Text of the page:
When I was a kid, I’d sometimes go with my father to visit his favorite aunt, Florence. Though lively of mind and loving of heart, her body had begun to fail her and she spent her days in a wheelchair. She was often seated in front of a large window from which she could see the birds who came to feeders in her yard. She’d tell me little stories about their antics and how much pleasure it gave her to watch them. I’d smile politely and murmur something about how that must be fun, but inside I was thinking If watching birds ever becomes my idea of fun, shoot me.
But now, many years later, though I’ve not yet achieved her advanced age—nor her kind heart—I have discovered my inner Aunt Florence. A wide variety of birds visit the feeders in our yard every day, and as I’m prone to staring out my office window when I should be writing, I see many of them. One in particular caught my eye this summer and I’ve been on a journey of sorts with him.
I first noticed an odd-looking bird in the yard about a month ago. With its small, dark head and reddish feathers, it looked a little like a tiny red-bodied vulture. I’d never seen anything like it before, so I googled to try and identify it. To my surprise, my exotic bird turned out to be a cardinal
I know what the judgmental among you are thinking: Really, Susan? You didn’t know what a cardinal was? Because that’s exactly what I’d be thinking, were I reading someone else’s story of a mystery bird that was actually one that most grade schoolers could readily identify.
Now, seriously, would you recognize him? I did some further research to learn what caused his “hair” loss, and what his future might hold. His bald head, I discovered, could be due to head mites, which cause incessant scratching and subsequent loss of feathers. Or he could be one of the relatively rare birds who experience complete loss of head feathers during molting season. If the cause was head mites, the prognosis wasn’t great for full recovery of his crowning glory. If his baldness was just his normal molting pattern, he should recover quite well.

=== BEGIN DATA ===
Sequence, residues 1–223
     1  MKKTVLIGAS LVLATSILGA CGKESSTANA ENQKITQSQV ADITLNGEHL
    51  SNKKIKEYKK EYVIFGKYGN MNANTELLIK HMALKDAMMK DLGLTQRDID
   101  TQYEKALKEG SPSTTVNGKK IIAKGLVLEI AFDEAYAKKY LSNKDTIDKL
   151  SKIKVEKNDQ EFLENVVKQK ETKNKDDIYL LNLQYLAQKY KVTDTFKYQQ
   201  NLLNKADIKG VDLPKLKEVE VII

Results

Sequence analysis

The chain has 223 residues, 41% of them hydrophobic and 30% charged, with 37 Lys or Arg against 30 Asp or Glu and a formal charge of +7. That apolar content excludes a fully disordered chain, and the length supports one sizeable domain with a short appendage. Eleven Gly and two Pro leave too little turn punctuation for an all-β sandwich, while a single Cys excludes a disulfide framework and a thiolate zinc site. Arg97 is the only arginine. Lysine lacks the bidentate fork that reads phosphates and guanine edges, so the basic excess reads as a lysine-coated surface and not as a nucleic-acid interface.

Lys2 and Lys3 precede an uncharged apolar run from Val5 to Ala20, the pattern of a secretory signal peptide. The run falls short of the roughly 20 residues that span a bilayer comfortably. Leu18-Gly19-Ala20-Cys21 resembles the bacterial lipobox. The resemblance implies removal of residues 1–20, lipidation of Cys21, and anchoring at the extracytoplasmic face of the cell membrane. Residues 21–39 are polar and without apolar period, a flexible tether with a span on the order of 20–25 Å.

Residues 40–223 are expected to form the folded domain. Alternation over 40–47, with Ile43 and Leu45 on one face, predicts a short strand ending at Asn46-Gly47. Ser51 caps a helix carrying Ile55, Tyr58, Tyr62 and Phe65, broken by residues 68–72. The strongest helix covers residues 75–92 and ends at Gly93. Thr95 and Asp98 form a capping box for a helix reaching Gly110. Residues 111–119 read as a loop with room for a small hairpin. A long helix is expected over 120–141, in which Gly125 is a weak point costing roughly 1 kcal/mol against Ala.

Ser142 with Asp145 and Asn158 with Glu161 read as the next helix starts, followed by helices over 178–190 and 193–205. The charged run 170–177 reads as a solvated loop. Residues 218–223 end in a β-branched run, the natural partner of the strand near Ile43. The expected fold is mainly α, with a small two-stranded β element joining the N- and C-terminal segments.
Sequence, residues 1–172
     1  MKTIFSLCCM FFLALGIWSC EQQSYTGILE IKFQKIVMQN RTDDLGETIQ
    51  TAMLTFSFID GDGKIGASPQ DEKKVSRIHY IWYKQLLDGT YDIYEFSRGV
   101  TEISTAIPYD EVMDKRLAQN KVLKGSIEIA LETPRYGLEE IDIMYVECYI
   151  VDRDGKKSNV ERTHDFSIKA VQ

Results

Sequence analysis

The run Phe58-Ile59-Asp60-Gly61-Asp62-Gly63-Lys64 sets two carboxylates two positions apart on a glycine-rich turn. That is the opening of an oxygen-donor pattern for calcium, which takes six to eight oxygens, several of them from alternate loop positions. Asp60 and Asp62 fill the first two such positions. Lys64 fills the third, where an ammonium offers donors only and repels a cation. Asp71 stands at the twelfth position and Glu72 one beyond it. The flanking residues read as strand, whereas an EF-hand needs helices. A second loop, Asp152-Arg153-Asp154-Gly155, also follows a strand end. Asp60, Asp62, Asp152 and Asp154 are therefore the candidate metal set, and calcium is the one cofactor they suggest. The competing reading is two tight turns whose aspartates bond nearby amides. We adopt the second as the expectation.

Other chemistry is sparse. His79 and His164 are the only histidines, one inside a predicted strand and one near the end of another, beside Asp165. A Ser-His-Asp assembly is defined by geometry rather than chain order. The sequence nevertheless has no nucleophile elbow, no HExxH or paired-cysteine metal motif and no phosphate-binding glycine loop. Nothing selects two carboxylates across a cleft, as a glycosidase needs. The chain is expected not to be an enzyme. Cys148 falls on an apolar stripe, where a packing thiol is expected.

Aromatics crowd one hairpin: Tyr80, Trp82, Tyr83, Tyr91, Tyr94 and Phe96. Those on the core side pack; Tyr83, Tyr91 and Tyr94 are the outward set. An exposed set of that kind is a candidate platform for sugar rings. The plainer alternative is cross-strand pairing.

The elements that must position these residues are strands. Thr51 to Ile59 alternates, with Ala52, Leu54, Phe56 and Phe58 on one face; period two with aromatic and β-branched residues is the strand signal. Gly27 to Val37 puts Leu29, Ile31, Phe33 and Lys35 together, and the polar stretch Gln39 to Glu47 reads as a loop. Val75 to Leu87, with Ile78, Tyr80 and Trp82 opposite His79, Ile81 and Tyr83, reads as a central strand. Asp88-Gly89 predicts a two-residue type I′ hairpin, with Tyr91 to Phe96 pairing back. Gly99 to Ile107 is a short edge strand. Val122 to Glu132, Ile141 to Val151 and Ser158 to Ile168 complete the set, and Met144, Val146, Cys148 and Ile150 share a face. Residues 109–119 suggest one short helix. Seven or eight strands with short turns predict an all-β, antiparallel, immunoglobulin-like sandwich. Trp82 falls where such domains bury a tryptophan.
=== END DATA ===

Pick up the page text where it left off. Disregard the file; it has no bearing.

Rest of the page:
I found myself looking out the window more often than usual to catch a glimpse of the bird, to see how he was faring. He seemed to come only in the early morning and evening when there were few others of his kin around—almost as though he were embarrassed by his looks. As one who has suffered more than her fair share of bad hair days, I empathized. As the days and weeks went on, his appearance didn’t change. I showed his photo to family or friends and if they laughed at his odd appearance, I felt quite protective of my feather-challenged friend.
When a pert female cardinal with a very perky crest of her own gave him short shrift one day at the feeder, I was downright indignant. Didn’t he deserve love, a family, respect from his fellow birds, no matter what he looked like? I did additional online research to see if there was something I could do, some kind of special feed, maybe, that might speed his feather regrowth.
It appeared there was nothing to be done but wait and see, which as a recovering rescuer, I find exceedingly hard to do. I want to fix every problem I find, whether mine or anyone else’s–regardless of whether they want them fixed or not. Then, about a week ago, I caught a glimpse of him that showed me he was clearly on the road to regrowth.
Finally, today, he posed quite jauntily at the feeder and it appears he’s well on his way to a full crest again. Reminding me that sometimes all you can do is wait, and sometimes, that’s all you need to do. A valuable lesson for cardinals, and for people, too.